Court in the Act
The RHS Hampton Court flower show always attracts two things; loads of enthusiastic gardeners and rain.
So it was with sunglasses, umbrella, flip-flops, wellies, sunscreen and Beecham’s powders that I ventured into our nation’s secondary most important flower show. Fortunately I was well prepared; visitors to the show enjoyed a heady mix of downpours and warm sunshine in equal measure. However, I can never work out why it always rains when I am outside looking at the show gardens and yet as soon as I enter the floral marquee the sun beats down with unrelenting ferocity!
The Hampton Court flower show has always been used to experiment with concepts that either do not fit ideologically or geographically with the Chelsea show. Over the last few years not only have we seen the new ‘conceptual’ gardens, but also an ever increasing emphasis on organic gardening, grow-your-own and climate change.
These are all interesting developments, but I do believe that many RHS members are there to see trees, shrubs and above all, flowers. Many of the show gardens now look more like ‘show allotments’ and whilst growing fruit and vegetables has always been an important aspect of gardening and something I love to do myself, I go to the shows to see new and innovative garden designs and plants.
The floral marquees, as normal are beautiful this year, although I did miss seeing Jekka McVicar the doyenne of herb gardening and gold medal winner par excellence. Jekka has a stall selling herbs just outside the marquee, which although not quite the same as her fantastic mixed herbs exhibit of 2008, puts many of the other exhibitors to shame. I was also impressed with Jacques Amand International’s (Silver-Gilt) mini forest of Eremurus (foxtail lily) that whilst not for everyone was very striking. The Big Plant Nursery (Silver-Gilt) had a great display of Ginkgo cultivars and other rare trees & shrubs, whilst Downderry Nursery’s (Gold) lavender exhibit was stunning. Bowden Hostas and Fernatix both won Gold medals for their wonderful exhibits showing that green is the ‘coolest’ colour of all.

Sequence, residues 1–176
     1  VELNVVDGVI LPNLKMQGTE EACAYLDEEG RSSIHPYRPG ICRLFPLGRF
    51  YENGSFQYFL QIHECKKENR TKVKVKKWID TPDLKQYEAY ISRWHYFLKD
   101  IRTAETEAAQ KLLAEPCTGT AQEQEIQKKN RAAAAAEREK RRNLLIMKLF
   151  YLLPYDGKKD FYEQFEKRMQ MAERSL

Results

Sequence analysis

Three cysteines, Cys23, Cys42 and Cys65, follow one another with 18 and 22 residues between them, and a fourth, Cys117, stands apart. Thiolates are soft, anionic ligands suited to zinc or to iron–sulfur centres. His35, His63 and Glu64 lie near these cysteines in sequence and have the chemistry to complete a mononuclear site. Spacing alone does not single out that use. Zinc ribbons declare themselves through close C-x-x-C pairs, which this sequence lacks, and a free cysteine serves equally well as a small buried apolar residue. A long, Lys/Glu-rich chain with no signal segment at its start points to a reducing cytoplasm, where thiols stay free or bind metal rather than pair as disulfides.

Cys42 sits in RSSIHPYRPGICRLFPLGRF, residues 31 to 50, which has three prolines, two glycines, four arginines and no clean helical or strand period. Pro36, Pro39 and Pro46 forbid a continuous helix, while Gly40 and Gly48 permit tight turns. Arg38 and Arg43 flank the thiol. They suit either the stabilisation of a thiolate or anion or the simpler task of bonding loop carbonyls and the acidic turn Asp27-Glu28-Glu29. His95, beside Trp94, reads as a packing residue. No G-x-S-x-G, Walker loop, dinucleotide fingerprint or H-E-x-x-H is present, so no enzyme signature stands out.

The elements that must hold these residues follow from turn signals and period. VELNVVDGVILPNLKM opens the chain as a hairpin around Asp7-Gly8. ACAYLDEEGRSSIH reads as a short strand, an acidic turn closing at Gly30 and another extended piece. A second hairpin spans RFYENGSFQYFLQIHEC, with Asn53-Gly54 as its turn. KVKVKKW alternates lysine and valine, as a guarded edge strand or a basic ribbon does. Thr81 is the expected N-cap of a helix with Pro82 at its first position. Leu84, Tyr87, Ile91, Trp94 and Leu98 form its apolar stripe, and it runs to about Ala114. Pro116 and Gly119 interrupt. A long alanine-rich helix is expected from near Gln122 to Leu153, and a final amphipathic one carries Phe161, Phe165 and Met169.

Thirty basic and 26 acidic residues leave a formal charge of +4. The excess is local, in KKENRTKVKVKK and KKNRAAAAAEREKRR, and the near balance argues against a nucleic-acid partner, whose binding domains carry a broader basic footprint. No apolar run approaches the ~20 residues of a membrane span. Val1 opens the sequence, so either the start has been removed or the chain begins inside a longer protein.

It does bring a small smile to my face that this is the third year in a row that sustainability, global warning and drought have been an important theme for show organisers – only to be rewarded with driving rain. We all know that the environment is a serious issue for gardeners; it’s just more difficult to concentrate on reductions in the ozone layer when you are cold and wet!
So, if you are going to the flower show this week, don’t get ‘court’ out by the weather.
Jekka’s Herb Farm: www.jekkasherbfarm.com
Jacques Amand International: www.jacquesamand.com
Big Plant Nursery: www.bigplantnursery.co.uk
Downderry Nursery: www.downderry-nursery.co.uk
Bowden Hostas: www.bowdenhostas.com
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